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Almost Famous wisdom and the trials of February explained -- I think


There’s a line in a great film from two decades back that told the story of a budding 15-year-old journalist who was writing a magazine piece about a music group looking to break into superstardom.


The film, called Almost Famous, was the narrative re-telling of the life of the film’s director, Cameron Crowe, whose writing career was launched in the same way, as a teen journalist covering bands for Rolling Stone. In the film, Crowe’s character bonds with fellow music writer Lester Bangs, who served as a mentor, of sorts to the teenager.


At one point, the adult rock writer leans into the phone and imparts some wisdom on his young friend and says, “the only true currency in this morally bankrupt world what you share with others when you are uncool,” and I know exactly where he is coming from. That which you share at your most vulnerable is that which you hold the closest to your heart, and I believe that which you hold closes to your heart is that which we often seek to hide from the rest of the world under the mistaken impression that people need to see only our best side to hold us in any true esteem.


I know this: when I go out – which of course, is always a challenge in the winter, inertia and temperature conspiring to hold us hostage in our individual silos. I know that the longer I go without meaningful adult interaction, the longer it goes before I realize I am a kind of misanthrope.


I know that I crave human interaction, but also that my energy is limited and I don’t have it at all times so rather than upset people with the mood that sets in when I am feeling worthless and useless, I just hide, thereby creating the impression (in my mind, anyway) that I am standoffish, arrogant, and/or grumpy – and sometimes, I am.


Winter hasn’t helped. The long, dark of the January and February months have affected me more this year than in any other, and the best, most cathartic way I have to process these feelings is to write about them and put them on YOU, dear readers. And I know that despite being tall, broad and an imposing presence, I feel about as tenuous as baby Bambi on a frozen pond. I know that people look at me and wonder, but there it is. I’m not OK, I’m struggling with my self-worth and I feel, at times, like the road is too fraught with obstacles to even attempt passage.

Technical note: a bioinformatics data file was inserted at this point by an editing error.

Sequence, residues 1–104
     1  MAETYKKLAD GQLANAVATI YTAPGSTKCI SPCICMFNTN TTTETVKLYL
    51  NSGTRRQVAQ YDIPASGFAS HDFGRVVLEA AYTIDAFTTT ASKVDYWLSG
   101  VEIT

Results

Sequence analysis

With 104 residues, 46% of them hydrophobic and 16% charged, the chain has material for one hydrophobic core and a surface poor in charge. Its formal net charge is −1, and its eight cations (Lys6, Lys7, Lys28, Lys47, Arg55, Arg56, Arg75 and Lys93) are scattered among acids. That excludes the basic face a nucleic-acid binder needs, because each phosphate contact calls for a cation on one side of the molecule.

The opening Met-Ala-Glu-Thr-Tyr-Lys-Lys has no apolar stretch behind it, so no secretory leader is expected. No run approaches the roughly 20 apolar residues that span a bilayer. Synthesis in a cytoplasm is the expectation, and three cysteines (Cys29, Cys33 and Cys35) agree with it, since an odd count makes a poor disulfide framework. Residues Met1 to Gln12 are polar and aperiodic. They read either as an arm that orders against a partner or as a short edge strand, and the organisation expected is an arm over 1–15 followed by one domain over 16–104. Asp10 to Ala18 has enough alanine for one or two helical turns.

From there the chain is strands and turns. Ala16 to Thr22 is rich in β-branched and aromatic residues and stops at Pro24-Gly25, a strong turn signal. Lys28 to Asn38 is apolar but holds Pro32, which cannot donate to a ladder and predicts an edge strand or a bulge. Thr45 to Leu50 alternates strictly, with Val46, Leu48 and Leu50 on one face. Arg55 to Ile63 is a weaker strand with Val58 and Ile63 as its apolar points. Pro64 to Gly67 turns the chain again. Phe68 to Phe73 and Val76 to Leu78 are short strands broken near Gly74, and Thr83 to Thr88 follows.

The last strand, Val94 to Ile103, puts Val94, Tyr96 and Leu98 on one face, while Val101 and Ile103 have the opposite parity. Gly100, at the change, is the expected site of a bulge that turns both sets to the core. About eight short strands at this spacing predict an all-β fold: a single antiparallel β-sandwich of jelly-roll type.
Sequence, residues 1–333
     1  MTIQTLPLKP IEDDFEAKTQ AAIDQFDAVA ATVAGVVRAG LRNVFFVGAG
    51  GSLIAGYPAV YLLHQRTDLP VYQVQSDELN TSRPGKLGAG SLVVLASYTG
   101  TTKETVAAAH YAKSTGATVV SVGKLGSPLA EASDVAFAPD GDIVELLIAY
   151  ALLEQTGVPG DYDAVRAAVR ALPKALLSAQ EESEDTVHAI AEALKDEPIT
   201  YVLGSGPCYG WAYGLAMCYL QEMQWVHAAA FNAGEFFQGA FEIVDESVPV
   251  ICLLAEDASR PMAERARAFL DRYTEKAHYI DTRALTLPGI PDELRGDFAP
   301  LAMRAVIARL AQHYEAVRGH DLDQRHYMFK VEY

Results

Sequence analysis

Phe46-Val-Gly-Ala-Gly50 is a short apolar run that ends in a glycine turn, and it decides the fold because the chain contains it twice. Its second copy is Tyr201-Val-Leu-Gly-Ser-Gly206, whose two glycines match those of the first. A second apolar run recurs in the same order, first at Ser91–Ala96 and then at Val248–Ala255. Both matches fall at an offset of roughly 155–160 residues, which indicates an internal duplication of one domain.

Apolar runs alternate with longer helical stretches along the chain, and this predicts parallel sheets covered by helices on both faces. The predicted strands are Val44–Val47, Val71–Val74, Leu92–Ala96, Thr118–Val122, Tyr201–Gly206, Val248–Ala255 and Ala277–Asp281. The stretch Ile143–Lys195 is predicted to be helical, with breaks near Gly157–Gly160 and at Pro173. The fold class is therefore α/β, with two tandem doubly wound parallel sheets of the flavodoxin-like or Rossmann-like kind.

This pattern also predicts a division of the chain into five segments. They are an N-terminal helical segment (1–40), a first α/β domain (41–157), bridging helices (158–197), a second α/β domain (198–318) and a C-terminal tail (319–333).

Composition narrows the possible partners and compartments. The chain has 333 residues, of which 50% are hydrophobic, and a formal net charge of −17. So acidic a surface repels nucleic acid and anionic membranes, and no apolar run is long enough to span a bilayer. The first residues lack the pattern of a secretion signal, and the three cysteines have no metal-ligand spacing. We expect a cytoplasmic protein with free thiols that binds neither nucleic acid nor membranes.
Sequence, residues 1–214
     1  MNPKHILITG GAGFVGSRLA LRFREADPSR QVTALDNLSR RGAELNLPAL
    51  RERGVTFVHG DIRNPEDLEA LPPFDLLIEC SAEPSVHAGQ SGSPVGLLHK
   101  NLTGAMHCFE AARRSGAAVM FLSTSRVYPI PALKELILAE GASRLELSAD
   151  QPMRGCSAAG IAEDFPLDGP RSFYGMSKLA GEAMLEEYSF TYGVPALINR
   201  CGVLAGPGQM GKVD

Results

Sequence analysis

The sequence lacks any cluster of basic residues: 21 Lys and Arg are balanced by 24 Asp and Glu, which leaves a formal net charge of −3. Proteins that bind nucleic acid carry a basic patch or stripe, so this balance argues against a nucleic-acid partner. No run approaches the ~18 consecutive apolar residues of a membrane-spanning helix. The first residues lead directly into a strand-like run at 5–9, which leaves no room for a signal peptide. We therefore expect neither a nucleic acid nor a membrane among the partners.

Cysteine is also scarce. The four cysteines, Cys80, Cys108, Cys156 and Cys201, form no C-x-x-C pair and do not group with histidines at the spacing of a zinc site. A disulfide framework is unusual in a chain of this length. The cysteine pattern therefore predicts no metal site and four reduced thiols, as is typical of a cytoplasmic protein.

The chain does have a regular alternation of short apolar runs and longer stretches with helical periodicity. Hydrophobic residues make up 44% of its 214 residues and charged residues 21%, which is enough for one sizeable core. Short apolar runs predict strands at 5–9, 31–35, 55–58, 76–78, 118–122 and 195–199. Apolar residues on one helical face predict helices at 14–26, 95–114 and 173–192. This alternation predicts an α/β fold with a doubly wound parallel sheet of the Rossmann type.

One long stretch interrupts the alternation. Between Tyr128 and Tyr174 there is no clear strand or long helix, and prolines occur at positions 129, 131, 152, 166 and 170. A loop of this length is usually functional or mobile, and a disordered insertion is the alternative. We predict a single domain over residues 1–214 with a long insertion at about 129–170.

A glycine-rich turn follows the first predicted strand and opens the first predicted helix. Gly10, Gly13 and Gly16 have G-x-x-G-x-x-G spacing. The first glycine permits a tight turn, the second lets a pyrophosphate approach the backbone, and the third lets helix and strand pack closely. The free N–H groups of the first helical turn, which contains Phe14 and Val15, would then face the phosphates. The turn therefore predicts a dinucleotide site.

Professionally, I missed out on a job I was really hoping to get and one that would have curtailed my driving and the stresses of needing to make a 45-minute drive in 30 minutes because it’s snowing – again. That, also sent me into a tailspin this week, and it’s one I have yet to emerge from, if I;m being totally honest.


I know that what I bring to the table professionally is hard to quantify, but for the most part my clients get a lot out of our sessions, so I must be doing something right. Thing is, though, was the timing. I was struggling with my brain chemistry and loneliness before I came in second best in a one-winner race.


I know, rationally, that life gets better and that I will at one point or another, like myself again. But right now, I have to be honest and frank – I’m really, really struggling. There are moments where it feels like an elephant sitting on my chest and my breath gets caught in my throat and tears will start streaming down my face. My son will ask me what’s wrong and I can’t tell him that the person he trusts to guide him and love him, protect him and support him wants the pain to just stop. I just want it to stop, and I can’t tell him that at that moment, I can only think of one way for the pain to stop – and I'm not going to talk to him about it.

So, I’m here pouring my heart out for strangers in the Internet when I can’t even muster the strength to tell those I love that I love them, because I just don’t love myself.


Like Lester Bangs, I know I’m terribly uncool, and there’s no real way around it, and that’s OK with me.


The other night was the worst feeling I can remember in a long time. I walked my dogs for an hour in the dark and cold, crying pretty much the whole time and I remember thinking that crossing the St. John’s Boulevard overpass spanning Highway 20 was a good idea. I stood there at the top of the overpass and looked down. In that moment, I was ready. I was ready to be done. For all the hurt, all the pain, all the loneliness and the shortness of breath to be things of the past. I was ready to be another statistic.


Then I thought of my dogs, who were with me on the overpass, and my kids, who were sleeping at home, and what their lives would be like without me. I was pretty sure at that moment that their lives would be infinitely better, but I realized they wouldn’t have a lift to school the next day. Just that one little tether to reality kept me from jumping. My self-worth has never been lower.


I just want others to know that behind every mundane interaction we have in the world, there are a million other feelings we don’t broach because showing what we perceive to be weakness somehow weakens us as people. Well, I’m not weak, but I am struggling. Do not mistake one for the other. In fact, I dare say that those who are struggling in silence are the strongest of us all.


You just don’t have to be, silent anymore. I’m not going to be.

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